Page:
In some states of Nigeria, PC programme are evolving. For instance, University of Nigeria Teaching Hospital (UNTH) Enugu has incorporated Palliative Care as a component of care policies with their patients receiving specialized palliative care. This was observed by the researcher during her course of 6weeks clinical posting in the hospital. In addition to this, the PC association of Nigeria had organized two workshops known to the researcher in Enugu State of which she attended one in 2010.InAnambra State, Nnamdi Azikiwe University Teaching Hospital (NAUTH) Nnewi is regarded as the cancer centre of the state housing the cancer registry. Statistics from the registry showed that a large number of patients, 4350 in the year 2011 and 5002 in 2012 reported of cancer in the hospital and its environ. This indicated that cancer patients attend the hospital yet from the researcher’s observation those patients disease burden and pain control and other palliative care needs were unmet. The question now arises: Who renders PC to these patients? Are nurses in the hospital knowledgeable about PC, and how exactly do they practice PC? Berry (2013) stated that nurses play a crucial role among palliative care teams in addressing the physical, social and spiritual needs of these patients. In search of answers to the above questions, this study was justified.
Aim of the Study
The study investigated nurses’ knowledge, and practice of palliative care and associated factors for management of cancer patients in selected hospitals in Anambra State, Nigeria.
Specifically the Objectives of the Study were to
- Ascertain the nurses’ level of knowledge of PC for cancer patients in Nnamdi Azikiwe University Teaching Hospital (NAUTH), Nnewi and Anambra State University Teaching Hospital (ASUTH), Amaku
- Determine whether or not nurses practice PC for cancer patients in NAUTH Nnewi and ASUTH Awka.
- Identify challenges facing PC practices in NAUTH and ASUTH.
- Identify factors that enhance knowledge, and practice of PC in the management of cancer patients.
- What level of knowledge do nurses hold of PC in cancer management?
- Do nurses in tertiary health institutions in Anambra State practice Palliative Care?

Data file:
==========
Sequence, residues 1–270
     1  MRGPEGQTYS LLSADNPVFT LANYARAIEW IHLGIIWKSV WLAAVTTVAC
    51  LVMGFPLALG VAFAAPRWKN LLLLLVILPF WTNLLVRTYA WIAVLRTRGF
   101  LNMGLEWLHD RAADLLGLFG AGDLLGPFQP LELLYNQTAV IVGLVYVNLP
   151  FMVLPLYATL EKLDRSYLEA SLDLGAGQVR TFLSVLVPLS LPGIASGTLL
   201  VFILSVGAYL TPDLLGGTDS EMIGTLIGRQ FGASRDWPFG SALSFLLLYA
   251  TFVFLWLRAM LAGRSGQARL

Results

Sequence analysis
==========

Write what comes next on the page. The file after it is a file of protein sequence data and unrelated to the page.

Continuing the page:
- What are the challenges hindering the practice of PC in NAUTH and ASUTH?
- What are the factors that enhance knowledge, and practice of palliative care in cancer management?
- There is no significant relationship between nurses’ level of knowledge of palliative care and their practice in cancer management.
- There is no association between nurses’ years of experience and their knowledge of PC.
- No significant difference exists in the palliative care practices among nurses with university degree and those with diploma in nursing.
- There is no significant relationship between nurses’ year of experience and their practice of PC.
- There is no significant difference between the level of knowledge and practices of PC among nurses in the two institutions.
Scope of the Study
This study will be delimited to professional nurses’ knowledge, and practice of palliative care in teaching hospitals in Anambra state. It will be focused on nurses working currently in the Paediatric, Medical, Surgical wards, Intensive care unit and clinics where cancer patients are cared for. The variables of interest were: the level of knowledge, practice and challenges of PC, years of experience, and qualifications of nurses.
Significance of the Study
This study will help to reveal areas of gap in the knowledge, and practice of palliative care, as well as identify factors that enhance knowledge and practice of PC. Findings of the study may be of immense benefit to the patients and their relations, health policy makers, nurses and other health personnel. The patients may stand to gain if policy makers buy the idea of the result and consider it in making decisions on PC. The guiding policies may motivate health workers’ interest to seek for knowledge, specialise in areas of pc with subsequent best practices. Patients who receive the best practices will inversely have improved quality of life. In addition, findings of the work will add to existing body of knowledge in the field of study. Other researchers who may wish to replicate this or similar topic in another locality will find the work useful.
Operational definition of Terms
- Knowledge of PC: knowledge of PC is the understanding one has of palliative care. One has adequate knowledge if one is able to answer correctly at least half of the questions on knowledge of palliative care (8 out of 16) in the study data collection tool.
- Practice of PC: It is the act of rendering s
- pecialized palliative care service to patients in need of it as measured by items 22 to 27 in the questionnaire.
- Palliative care: Is the care that focuses on providing the best quality of life for patients and their families facing life-threatening illnesses such as administering pain killer drugs to patients with advanced cancer “by clock” not on demand.
- Associated factors are the variable that can influence or interfere with the nurses’ knowledge, and practice of palliative care. Example is years of experience.